I am shocked. I had been wracking my brain trying desperately to write something garden-y amid late winter doldrums that would somehow resonate, and Bam! I hit the health-food jackpot. The outpouring in support of chard, sleeper vegetable of the year, has been overwhelming.
Here I was bravely choking down the stuff in the name of health when there are hundreds upon thousands of chard fanatics with a deep understanding of this under-appreciated vegetable. You already knew why to serve it. You even know how to grow it. But more to the point, you really know how it should be eaten. Hint: it can be crunchy!
Ok, crunchy chard. I am intrigued…go on. Where will this wacky nutritious hero pop up next?
Funny I should ask myself, because I happen to have an answer. With summer just around the corner (and down the street and around the bend) thoughts turn to carnivals (work with me here.) Blue skies, balloons, and loads of good clean American deep-fried fun. Wait, hear me out. I’m not suggesting you call it quits and break out the fryer, I’m simple setting the scene for our new crunchy, healthy friend….
Speaking of friends, my friend Annie is incredible. Awesome, amazing Annie. She’s a magician who miraculously took our bitter, vitamin-packed pal and presto! change-o! Turned it into a crispy, carnival-worthy, snickity old snack.
And here, for the first time in North America, Annie has willingly revealed her secret for changing a nutrient packed yuck into a nutrient-packed yum.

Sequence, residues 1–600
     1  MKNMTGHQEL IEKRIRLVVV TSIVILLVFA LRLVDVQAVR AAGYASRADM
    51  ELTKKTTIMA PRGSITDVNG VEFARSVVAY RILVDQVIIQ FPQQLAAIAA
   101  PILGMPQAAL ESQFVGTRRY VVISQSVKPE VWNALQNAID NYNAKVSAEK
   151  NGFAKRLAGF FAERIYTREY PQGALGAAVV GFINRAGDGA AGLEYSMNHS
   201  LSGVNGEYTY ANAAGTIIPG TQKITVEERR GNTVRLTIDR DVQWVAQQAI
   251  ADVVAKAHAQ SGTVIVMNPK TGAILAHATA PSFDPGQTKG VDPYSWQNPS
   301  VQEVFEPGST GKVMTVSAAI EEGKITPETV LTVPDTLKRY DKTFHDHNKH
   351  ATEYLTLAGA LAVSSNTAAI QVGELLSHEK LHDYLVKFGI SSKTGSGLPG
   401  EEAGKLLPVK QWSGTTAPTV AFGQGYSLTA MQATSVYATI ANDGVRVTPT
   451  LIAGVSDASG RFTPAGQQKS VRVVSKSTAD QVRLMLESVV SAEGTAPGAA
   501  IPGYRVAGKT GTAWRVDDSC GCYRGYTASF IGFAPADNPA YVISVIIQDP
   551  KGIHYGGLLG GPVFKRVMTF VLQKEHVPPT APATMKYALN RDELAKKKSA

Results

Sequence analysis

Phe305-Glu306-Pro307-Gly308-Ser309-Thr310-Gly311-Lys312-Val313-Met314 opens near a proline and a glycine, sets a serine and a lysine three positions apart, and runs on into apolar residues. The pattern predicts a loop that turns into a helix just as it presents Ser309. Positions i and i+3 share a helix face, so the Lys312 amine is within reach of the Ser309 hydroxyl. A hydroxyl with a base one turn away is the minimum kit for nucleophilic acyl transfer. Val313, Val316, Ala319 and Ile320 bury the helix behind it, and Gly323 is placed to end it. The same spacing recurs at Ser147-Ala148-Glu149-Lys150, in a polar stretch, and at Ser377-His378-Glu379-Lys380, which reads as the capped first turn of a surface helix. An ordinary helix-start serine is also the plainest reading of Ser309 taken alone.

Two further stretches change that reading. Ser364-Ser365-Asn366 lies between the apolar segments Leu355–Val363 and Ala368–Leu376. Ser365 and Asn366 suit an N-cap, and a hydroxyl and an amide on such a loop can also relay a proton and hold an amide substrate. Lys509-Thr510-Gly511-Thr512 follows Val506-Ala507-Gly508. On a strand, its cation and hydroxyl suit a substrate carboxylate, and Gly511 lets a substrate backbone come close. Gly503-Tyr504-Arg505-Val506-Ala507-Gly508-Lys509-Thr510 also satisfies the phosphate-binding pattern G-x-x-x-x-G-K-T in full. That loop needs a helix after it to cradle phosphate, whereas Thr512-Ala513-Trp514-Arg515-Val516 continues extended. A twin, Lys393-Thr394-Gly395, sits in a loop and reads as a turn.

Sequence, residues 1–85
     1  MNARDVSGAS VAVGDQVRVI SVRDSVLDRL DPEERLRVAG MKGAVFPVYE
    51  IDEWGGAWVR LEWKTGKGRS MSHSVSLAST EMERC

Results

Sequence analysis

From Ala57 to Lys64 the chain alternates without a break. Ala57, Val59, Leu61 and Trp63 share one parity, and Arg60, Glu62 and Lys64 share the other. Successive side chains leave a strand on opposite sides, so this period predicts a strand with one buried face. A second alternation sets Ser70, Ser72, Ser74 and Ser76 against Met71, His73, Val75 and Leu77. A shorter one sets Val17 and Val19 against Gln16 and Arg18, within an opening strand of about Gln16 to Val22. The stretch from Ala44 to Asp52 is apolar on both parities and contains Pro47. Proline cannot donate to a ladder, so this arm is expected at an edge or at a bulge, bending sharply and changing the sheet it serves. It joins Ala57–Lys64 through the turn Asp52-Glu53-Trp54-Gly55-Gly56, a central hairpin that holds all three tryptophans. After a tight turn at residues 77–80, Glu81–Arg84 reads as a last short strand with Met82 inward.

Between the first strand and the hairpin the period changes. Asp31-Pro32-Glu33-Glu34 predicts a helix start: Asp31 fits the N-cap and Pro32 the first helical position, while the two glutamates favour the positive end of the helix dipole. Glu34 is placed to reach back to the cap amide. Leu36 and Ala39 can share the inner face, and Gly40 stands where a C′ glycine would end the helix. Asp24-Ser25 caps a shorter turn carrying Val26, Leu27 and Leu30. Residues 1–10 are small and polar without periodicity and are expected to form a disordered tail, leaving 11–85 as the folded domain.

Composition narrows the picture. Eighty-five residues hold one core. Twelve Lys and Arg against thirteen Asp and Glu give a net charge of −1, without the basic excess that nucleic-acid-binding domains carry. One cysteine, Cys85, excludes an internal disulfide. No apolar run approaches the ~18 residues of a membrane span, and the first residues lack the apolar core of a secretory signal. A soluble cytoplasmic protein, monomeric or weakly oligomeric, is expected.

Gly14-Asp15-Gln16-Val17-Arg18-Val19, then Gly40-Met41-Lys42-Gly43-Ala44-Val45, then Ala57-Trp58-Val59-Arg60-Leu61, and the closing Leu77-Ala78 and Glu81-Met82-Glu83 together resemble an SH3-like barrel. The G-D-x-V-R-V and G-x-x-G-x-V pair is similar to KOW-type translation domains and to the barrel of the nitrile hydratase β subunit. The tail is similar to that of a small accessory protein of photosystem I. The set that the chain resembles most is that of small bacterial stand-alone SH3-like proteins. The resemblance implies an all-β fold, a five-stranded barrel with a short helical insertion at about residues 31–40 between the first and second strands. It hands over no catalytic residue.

Now I’m not going to lie to you. This recipe works best if you’ve got a top hat and a long black cape lined in purple satin. Of course you can try it wearing jeans and a t-shirt. Results may vary.
(Worried about me? Think I’m showing just a bit too much enthusiasm for chard? Perhaps, but it has been a long winter. And all I’m asking is that you try it first. Then come on back and judge me.)
1. Wash the chard.
2. Slice and remove the stalks. Set aside for salads or other recipe.
3. Slice the leaves in half or quarters. Set aside to dry.
You’ll need a light dressing. Mine was a simple vinaigrette, but anything will do; whatever you’ve got got in the house or throw together some of your favorite flavors. I made a tray plain for the girls, with just a little oil and salt.
Mix together the dressing:
• ½ cup Olive oil
• ¼ cup Balsamic vinegar
• 1-2 Tbsp Mustard
• 2-3 Tbsp crushed garlic
• Salt and pepper to taste.
1. Toss the chard leaves in the dressing. Make sure to coat the leaves but they should not be drenched.
2. Lay the chard flat on a greased baking sheet.
3. Sprinkle with a little salt.
Bake for 7-8 minutes in 375° oven. Watch closely so leaves crisp but don’t char.
Your guests, even your children, will be amazed!